Cruz Takes Iowa, Besting Trump; Clinton Claims Slim Victory
Sen. Ted Cruz came out on top in the Republican presidential caucuses in Iowa, passing front-runner Donald Trump who had been predicted to win from exit polls.
"We are gonna preserve this nation for our children and grandchildren," Cruz told his supporters in his victory speech.
Many Republicans view Sen. Marco Rubio, who placed third, as a more mainstream alternative to Trump and Cruz. Though political observers believe his viability might depend on staying competitive in New Hampshire.
The Brody File provides video analysis of the Iowa Caucus results. Watch below.
Dr. Paul Bonicelli from Regent University discusses the historic numbers at the Iowa caucus Monday night and what to expect at the next primaries in New Hampshire and North Carolina.
Republican candidate Ben Carson may have came in fourth but reporters on the scene say he got some of the biggest reactions from the crowds.
Meanwhile, Republican Sen. Rand Paul received 3 percent of the vote. Rand Paul, Jeb Bush, Carly Fiorina, John Kasich, Chris Christie, Mike Huckabee and Rick Santorum all came in at 2 percent and Jim Gilmore didn't register a full percent.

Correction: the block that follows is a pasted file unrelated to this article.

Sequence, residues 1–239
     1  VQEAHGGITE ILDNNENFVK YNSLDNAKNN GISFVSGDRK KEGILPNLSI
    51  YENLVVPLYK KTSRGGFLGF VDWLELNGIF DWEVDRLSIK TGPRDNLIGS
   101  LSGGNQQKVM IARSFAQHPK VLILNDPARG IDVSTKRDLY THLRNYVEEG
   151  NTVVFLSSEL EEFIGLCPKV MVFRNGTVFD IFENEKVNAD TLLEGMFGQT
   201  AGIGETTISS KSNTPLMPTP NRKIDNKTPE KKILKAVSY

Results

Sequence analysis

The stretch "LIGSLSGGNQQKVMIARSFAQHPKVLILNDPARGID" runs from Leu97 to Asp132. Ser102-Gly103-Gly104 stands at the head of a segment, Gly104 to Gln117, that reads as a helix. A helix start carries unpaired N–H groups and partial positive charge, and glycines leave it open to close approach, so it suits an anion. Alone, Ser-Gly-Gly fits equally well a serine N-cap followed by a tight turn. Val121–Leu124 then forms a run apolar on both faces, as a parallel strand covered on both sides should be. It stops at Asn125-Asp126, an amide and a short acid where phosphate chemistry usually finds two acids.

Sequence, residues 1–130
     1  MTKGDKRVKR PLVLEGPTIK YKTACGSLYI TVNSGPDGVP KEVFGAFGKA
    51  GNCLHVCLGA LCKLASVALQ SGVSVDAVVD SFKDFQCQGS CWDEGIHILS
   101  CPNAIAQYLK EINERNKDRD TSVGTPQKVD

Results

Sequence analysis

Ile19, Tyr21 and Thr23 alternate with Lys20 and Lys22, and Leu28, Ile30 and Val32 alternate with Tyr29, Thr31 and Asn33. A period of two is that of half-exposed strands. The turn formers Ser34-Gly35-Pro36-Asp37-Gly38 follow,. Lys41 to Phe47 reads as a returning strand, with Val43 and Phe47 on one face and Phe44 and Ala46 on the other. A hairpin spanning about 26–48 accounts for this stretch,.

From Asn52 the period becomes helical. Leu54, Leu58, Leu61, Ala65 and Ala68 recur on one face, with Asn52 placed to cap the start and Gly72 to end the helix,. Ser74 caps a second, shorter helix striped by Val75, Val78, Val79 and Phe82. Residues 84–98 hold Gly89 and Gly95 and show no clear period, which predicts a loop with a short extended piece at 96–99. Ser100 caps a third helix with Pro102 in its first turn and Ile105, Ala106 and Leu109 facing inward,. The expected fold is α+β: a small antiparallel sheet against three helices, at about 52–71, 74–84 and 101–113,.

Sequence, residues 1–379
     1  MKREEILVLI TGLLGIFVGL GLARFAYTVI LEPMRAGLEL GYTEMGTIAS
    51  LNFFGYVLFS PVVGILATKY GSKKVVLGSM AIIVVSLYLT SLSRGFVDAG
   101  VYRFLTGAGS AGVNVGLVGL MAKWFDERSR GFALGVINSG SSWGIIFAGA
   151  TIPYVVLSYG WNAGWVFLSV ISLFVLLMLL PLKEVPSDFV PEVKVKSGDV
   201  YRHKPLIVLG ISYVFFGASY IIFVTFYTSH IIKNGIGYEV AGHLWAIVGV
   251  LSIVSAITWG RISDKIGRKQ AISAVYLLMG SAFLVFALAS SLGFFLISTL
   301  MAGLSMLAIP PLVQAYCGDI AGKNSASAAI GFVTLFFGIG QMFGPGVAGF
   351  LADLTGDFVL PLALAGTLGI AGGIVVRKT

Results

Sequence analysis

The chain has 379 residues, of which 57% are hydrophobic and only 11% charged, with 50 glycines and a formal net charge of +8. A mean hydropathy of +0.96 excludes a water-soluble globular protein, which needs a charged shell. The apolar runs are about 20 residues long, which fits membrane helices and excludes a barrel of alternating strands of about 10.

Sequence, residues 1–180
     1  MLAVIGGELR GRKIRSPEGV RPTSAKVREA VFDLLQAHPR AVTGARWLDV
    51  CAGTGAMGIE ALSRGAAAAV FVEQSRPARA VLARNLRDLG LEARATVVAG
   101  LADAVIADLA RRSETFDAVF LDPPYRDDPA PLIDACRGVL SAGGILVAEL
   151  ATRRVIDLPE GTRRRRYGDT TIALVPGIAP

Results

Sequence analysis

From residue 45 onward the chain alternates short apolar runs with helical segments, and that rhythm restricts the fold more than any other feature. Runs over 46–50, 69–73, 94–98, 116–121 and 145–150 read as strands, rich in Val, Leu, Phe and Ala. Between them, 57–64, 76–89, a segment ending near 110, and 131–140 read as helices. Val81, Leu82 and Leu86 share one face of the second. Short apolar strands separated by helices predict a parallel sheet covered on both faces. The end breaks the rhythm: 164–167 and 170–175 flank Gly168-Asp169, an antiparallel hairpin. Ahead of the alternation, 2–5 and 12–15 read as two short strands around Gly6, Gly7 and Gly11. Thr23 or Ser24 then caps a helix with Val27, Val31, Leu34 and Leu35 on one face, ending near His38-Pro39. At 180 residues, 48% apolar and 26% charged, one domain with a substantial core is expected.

Click play watch a 2013 interview with Sen. Ted Cruz, when he came on the radar as a potential "rock star" for the Republican party.
On the Democratic side it was much closer with Hillary Clinton declaring victory by 1 percent over Bernie Sanders. Former Maryland Gov. Martin O'Malley received 1 percent of the vote. He ended his campaign before the winners were announced.
Republican and former Arkansas Gov. Mike Huckabee suspended his campaign as well, thanking his supporters for their loyalty.
In the last hours of campaigning in Iowa, Trump spoke to appeal to evangelical voters, saying they understand him "better than anybody" and "the evangelicals have been unbelievable to Donald Trump."
Cruz also appealed to Christian voters, asking for prayer.
"Father God, please continue this awakening, continue this spirit of revival, awaken the body of Christ that we might pull back from the abyss," he said.
His appeal was answered by a majority of conservative voters. CBN News Senior Political Correspondent David Brody points out this is significant indication about the influence of Christian voters.
"The Cruz victory shows that when a candidate authentically courts evangelicals with their time, a near-perfect ground game along with lots of money to propel it, evangelicals will respond," Brody said.
"And when they respond in record numbers like they did in Iowa Monday night, they show that they are more than a force in American politics; they're a game-changer," he concluded.
Voter turnout was record breaking as more than 180,000 Iowans turned out to caucus. The old-fashioned "neighbor to neighbor" way of voting is different from primaries. It's considered one of the first big tests for candidates and their viability to win a presidential nomination in their parties.